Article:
Over a century, the city added more than 200 miles of pipes and three levels of treatment to make our water clean.

This story was written by Mike Anderson, superintendent of the City of Coeur d’Alene Wastewater Utility Department, in partnership with the Our Gem Collaborative. It appeared in the CDA Press on Sunday Oct. 18, 2020. Read the original article.

As a community grows, so too does the need to treat the byproducts of people living close to one another. One of those byproducts — wastewater — can be devastating to the community if not treated. Outbreaks of diseases such as cholera drove many of the developments of sewage collection and treatment in the mid-19th and early 20th centuries.

In Coeur d’Alene, the first sewage collection pipes were installed in 1906. This original system consisted of eight miles of various size vitrified clay piping. There was no treatment of the sewage. The system simply conveyed the city’s sewage to the Spokane River.

By the late 1930’s, the city’s population grew to between 9,000 and 10,000 people, and it was clearly time to expand the collection system. By now, centralized treatment of wastewater was known to be beneficial to protect the population. On Aug. 1, 1939, the sewage disposal plant was completed in the same location as the original outfall pipe. This spot had the advantage of not only existing infrastructure, but it was at a very low elevation. Most collection pipes still to come would flow here without the aid of pumps. This original plant had multiple processes including both primary and secondary levels of treatment. Secondary treatment was quite new and would not become part of standard methods for decades. Along with the two main methods of treatment were several side stream treatment processes that we still use today including grit separation and sludge digestion. There was even reuse of the digested and dried solids to support local crops.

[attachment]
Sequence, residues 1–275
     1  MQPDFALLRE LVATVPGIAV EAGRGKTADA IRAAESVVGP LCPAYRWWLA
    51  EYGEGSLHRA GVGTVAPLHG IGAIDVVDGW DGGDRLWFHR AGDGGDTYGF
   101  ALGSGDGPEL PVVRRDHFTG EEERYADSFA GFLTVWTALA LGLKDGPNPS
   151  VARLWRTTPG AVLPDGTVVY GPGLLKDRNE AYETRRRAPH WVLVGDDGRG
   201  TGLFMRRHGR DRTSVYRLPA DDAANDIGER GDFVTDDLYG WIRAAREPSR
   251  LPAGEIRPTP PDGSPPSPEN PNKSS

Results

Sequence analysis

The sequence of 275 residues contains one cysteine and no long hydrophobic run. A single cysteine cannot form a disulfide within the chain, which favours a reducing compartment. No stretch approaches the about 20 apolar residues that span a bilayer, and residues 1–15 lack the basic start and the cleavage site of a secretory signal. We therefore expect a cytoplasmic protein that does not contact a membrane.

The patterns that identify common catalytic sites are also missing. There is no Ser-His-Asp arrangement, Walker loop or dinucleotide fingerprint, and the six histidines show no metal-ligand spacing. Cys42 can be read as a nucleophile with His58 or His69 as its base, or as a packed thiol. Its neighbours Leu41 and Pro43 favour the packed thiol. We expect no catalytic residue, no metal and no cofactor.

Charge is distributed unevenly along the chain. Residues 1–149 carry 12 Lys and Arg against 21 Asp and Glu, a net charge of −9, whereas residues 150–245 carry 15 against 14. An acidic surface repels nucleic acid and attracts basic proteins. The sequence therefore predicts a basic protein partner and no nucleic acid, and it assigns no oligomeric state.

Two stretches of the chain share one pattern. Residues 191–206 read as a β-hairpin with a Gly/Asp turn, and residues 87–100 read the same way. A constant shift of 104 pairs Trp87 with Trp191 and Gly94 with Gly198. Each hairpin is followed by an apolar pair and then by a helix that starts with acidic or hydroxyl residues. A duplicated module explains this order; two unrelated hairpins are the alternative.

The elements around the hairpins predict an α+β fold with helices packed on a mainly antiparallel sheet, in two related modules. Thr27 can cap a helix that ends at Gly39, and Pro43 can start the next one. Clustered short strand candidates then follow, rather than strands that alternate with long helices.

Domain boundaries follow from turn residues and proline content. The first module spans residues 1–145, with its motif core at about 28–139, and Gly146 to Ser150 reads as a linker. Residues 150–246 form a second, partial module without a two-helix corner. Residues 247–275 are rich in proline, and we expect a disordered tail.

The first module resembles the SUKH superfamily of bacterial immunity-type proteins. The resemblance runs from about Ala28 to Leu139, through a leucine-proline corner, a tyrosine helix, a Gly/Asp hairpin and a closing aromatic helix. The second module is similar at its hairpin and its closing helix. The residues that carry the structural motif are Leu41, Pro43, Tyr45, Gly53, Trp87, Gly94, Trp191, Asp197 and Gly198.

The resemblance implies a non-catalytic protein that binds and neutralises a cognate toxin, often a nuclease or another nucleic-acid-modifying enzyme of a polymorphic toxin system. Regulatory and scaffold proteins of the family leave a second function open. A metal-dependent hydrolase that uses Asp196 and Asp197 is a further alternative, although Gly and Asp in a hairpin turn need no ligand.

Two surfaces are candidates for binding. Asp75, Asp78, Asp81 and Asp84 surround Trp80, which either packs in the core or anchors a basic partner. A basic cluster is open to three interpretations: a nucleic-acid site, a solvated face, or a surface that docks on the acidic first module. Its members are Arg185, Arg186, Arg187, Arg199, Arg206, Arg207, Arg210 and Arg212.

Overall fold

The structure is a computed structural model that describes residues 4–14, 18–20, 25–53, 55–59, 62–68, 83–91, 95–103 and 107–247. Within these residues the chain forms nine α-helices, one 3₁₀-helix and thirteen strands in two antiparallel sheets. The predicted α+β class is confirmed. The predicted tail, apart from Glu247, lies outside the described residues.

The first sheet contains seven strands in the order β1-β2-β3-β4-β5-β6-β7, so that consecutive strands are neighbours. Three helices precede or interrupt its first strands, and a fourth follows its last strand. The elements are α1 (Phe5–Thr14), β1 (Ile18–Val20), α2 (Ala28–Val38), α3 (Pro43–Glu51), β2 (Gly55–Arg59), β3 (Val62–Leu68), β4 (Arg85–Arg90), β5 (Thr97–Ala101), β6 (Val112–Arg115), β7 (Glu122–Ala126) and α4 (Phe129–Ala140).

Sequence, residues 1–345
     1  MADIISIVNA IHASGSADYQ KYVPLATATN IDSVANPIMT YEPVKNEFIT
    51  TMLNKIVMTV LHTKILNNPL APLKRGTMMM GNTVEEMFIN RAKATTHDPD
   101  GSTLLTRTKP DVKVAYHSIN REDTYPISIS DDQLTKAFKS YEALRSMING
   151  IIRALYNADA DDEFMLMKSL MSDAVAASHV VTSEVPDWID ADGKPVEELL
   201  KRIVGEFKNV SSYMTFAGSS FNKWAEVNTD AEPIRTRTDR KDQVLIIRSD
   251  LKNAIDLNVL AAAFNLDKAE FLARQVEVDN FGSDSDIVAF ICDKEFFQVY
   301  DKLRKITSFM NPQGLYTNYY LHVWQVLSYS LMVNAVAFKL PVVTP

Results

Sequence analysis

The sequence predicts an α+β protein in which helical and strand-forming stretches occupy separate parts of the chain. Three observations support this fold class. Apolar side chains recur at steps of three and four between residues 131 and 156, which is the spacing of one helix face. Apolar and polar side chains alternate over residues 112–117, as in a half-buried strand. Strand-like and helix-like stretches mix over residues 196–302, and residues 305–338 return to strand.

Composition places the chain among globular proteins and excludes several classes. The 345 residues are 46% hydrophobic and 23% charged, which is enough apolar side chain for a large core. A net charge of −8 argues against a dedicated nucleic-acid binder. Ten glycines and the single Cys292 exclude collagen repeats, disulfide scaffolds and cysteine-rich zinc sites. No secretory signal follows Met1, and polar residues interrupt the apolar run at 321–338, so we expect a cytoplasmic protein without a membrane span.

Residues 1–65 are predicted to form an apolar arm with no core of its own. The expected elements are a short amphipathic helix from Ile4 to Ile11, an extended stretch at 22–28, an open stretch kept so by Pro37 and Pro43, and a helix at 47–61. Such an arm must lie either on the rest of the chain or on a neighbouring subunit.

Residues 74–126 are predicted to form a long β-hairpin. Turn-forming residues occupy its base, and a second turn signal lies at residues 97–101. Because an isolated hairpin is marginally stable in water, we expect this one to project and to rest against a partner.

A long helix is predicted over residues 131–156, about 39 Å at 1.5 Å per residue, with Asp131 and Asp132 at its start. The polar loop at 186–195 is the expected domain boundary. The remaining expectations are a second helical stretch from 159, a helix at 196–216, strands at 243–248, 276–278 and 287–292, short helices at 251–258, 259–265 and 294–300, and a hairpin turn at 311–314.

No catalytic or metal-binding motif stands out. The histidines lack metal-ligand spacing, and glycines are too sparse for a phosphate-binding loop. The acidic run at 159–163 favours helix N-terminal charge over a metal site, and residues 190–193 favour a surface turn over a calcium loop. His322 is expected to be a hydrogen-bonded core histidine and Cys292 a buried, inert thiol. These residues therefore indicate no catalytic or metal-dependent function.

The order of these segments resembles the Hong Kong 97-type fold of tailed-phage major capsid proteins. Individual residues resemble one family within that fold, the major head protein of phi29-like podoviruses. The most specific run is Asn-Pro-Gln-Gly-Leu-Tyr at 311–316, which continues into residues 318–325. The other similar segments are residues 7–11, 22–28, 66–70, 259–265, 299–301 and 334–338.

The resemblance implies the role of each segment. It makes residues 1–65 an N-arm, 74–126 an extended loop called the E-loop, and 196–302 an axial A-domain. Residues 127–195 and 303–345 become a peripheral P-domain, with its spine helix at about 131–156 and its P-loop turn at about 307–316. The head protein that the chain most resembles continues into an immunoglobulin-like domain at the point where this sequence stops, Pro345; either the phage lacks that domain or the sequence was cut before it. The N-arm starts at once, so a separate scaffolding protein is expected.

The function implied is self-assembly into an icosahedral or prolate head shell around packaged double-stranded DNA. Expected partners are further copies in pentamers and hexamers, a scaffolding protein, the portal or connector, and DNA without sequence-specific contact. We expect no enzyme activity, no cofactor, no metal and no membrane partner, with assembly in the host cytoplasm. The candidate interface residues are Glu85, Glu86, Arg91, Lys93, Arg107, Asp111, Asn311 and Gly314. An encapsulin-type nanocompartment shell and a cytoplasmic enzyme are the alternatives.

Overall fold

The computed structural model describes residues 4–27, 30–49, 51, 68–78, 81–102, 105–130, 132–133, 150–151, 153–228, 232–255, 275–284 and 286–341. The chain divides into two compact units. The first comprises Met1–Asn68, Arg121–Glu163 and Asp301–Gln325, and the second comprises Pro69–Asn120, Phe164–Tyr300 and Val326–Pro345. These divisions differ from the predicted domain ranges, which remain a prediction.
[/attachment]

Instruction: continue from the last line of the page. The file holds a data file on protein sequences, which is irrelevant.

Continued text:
Although much has been added since the first sewer system was installed over a century ago, the basic concept remains the same. We continue to utilize gravity rather than pumps to convey the wastewater through the community. Our system has grown from eight miles of pipe to over 220 miles.

Our sewage disposal plant is now a water resource recovery facility, but it still uses primary clarifiers — the original plus two more — for settling out the solid matter and trickling filters for biological, secondary treatment.

In 2009, the wastewater department began a trial of several methods to further treat wastewater, targeting phosphorous and ammonia nitrogen. Membrane technology came out as the clear winner and, since 2018, all wastewater has received a third level of treatment where it is passed through ultra-filtration membranes. This treatment removes 99% of the phosphorous, 90% of the ammonia (99.9% in the summer), and virtually 100% of the suspended solids from the wastewater before disinfection and discharge into the Spokane River. The ammonia is removed through a biological process that is more efficient as the temperature rises in the summer. This is the reason for the variance from summer to winter performance.

The result of this treatment is water that is cleaner than the river into which it is discharged.

What can you do to help protect our environment? Flush wisely. Only the 3 p’s should go in the toilet: pee, poop and toilet paper. Wipes, garbage, single use plastics, prescriptions and chemicals all have an appropriate disposal method that does not involve a toilet. For more information, visit the Coeur d’Alene wastewater website.